Inspired by my colleague’s post about bookplates, I thought I’d like to add a medieval example. Not that the Middle Ages produced bookplates, per se; the earliest one, ‘tis commonly said, is the angel holding a shield with an ox——the bookplate of Hilprand Brandenberg, who in 1505 donated his personal library of some 450 books to the Carthusian monastery of Buxheim in Germany. It is printed (if that’s a necessary component in the concept of “bookplate”), and it was applied to the front pastedown of books, and it did point to a specific owner. You can see a colored example of it at:
But the bookplate I’m talking about here would more usually be described as a historiated initial——an initial that contains a “story,” with human figures in it. No more suspense; here it is:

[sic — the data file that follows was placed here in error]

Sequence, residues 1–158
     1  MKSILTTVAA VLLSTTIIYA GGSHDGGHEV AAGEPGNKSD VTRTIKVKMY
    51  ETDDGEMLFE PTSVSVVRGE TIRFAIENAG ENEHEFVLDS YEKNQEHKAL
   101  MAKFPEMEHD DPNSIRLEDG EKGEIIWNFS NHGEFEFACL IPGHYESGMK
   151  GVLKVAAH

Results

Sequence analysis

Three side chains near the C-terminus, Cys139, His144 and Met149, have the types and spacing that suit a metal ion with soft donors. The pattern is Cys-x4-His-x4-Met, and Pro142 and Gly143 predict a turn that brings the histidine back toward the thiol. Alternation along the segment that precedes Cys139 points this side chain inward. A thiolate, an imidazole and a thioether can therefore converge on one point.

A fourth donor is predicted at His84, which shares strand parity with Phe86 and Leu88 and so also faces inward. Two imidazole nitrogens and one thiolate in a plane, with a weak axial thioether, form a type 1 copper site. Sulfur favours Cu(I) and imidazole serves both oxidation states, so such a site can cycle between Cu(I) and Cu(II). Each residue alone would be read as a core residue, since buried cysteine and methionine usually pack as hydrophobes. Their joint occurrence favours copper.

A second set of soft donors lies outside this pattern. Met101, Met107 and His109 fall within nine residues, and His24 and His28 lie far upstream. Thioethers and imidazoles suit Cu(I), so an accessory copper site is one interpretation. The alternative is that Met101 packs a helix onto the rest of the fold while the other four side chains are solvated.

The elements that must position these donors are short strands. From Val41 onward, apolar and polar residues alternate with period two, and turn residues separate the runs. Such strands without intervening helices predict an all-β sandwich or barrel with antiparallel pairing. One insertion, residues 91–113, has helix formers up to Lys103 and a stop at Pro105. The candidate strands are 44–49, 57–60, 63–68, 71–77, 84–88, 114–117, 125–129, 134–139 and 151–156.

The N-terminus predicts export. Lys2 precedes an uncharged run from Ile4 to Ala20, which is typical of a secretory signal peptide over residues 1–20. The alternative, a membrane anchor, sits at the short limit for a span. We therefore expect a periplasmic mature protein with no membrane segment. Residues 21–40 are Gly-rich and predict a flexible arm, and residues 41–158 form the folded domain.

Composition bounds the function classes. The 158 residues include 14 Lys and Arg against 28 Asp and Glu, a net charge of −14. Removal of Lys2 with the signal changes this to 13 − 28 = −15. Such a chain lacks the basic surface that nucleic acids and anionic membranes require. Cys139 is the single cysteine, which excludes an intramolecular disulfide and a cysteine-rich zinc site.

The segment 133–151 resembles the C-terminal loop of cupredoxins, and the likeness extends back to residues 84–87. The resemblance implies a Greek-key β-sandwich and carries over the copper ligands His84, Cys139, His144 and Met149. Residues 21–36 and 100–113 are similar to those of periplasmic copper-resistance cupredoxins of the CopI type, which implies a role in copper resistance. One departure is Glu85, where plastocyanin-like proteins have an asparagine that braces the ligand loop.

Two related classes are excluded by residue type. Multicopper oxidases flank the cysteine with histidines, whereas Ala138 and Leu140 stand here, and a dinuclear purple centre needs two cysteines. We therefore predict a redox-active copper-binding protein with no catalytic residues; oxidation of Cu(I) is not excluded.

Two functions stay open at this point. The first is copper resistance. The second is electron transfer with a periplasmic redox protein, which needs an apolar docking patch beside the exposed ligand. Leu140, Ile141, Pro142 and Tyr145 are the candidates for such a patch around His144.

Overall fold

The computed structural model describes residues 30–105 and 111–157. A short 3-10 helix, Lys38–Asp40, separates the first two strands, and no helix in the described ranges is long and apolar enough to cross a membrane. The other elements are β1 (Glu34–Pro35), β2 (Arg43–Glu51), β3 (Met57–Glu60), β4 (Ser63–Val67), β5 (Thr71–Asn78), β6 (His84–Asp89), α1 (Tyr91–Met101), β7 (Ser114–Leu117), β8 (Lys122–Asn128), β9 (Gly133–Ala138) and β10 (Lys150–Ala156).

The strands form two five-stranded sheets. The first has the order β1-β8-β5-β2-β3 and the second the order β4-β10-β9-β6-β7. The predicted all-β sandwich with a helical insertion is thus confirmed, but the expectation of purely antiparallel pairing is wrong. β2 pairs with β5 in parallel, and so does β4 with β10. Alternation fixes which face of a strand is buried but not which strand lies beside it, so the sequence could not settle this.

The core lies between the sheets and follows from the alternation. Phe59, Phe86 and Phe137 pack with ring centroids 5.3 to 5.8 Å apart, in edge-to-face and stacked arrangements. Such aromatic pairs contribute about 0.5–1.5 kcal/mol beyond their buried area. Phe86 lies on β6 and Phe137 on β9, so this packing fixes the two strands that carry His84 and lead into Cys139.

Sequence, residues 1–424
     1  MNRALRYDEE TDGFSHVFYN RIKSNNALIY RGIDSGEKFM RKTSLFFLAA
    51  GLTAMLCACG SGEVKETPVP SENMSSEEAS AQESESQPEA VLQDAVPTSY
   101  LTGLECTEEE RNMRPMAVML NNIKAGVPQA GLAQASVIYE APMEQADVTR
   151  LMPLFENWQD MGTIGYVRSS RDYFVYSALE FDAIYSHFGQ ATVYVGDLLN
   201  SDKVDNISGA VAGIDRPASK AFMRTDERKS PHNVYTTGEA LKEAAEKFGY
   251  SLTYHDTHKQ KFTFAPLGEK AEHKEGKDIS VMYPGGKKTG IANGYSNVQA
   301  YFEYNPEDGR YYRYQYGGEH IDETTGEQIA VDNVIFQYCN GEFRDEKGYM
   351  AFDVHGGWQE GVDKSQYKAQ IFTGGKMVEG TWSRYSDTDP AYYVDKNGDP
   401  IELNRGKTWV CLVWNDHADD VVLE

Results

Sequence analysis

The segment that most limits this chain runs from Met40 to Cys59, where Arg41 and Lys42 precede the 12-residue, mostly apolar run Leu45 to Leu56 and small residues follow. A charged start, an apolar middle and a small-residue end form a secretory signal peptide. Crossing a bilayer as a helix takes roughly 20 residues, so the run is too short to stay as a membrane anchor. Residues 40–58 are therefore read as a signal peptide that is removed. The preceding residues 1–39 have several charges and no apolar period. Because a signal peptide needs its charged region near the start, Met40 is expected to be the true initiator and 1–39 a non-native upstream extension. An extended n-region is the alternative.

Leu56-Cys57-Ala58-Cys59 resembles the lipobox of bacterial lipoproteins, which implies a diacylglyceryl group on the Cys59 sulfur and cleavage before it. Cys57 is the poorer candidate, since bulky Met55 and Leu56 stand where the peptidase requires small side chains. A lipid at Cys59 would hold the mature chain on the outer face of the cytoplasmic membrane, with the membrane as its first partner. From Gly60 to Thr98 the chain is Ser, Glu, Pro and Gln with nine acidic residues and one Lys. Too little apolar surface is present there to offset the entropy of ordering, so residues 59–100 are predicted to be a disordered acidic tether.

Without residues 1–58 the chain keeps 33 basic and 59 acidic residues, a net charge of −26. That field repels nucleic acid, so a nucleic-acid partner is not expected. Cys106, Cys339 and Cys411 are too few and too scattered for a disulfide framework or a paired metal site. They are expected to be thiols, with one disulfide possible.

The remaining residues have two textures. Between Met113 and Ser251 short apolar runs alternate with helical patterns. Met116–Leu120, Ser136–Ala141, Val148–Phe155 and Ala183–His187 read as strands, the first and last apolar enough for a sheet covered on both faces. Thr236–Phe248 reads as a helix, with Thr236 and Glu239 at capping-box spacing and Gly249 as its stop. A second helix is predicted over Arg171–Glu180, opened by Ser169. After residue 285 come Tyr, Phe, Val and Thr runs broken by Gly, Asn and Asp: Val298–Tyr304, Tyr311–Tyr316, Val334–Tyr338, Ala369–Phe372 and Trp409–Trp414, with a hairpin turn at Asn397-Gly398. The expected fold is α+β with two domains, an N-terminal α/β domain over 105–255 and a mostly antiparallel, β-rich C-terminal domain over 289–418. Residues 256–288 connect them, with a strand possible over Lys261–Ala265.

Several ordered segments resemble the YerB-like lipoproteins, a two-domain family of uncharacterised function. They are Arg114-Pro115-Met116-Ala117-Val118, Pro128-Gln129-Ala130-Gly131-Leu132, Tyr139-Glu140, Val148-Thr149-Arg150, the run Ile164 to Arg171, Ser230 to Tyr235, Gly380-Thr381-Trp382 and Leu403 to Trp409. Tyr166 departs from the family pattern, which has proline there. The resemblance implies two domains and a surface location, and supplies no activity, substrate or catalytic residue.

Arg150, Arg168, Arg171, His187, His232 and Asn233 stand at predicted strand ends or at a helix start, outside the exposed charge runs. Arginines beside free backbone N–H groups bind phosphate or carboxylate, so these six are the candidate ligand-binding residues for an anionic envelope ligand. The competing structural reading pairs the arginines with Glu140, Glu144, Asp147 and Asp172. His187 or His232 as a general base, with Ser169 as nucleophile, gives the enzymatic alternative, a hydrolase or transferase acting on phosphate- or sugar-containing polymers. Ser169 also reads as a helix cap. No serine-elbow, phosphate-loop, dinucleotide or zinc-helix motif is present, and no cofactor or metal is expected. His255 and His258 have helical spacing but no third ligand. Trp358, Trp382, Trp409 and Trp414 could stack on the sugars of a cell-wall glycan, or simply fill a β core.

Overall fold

The initial is an N; two saints stand on a doorstep, admonishing a group of kneeling clerics, an angel flies above, the whole in a lovely verdant landscape. The N begins the mass for Sts. Peter and Paul, “Nunc scio vere …,” “Now I truly know ….” But all Columbia owns of what was once a very large choirbook is this single leaf, catalogued as Plimpton MS 040A. Where was it made? For whom was it made? Squawking birds’ heads (there are three in the foliage across the top margin) point to the Veneto; “broccoli” trees in the landscape suggest Lombardy. And the brilliant blue of the clerics’ robes can only mean one religious order: the Canons Regular of S. Giorgio in Alga whose nickname was “Azzurrini” for obvious reasons. Put it all together! The house of the Azzurrini in Brescia, in territory now Venetian and now Lombard, was dedicated to Sts. Peter and Paul. Is this historiated initial a bookplate or what?
There’s more. On the edge of one of the steps is a profile face of a man; he looks to me like a real man, as if this is a real portrait. I fondly imagine this man to be the artist who has “signed” his “bookplate.”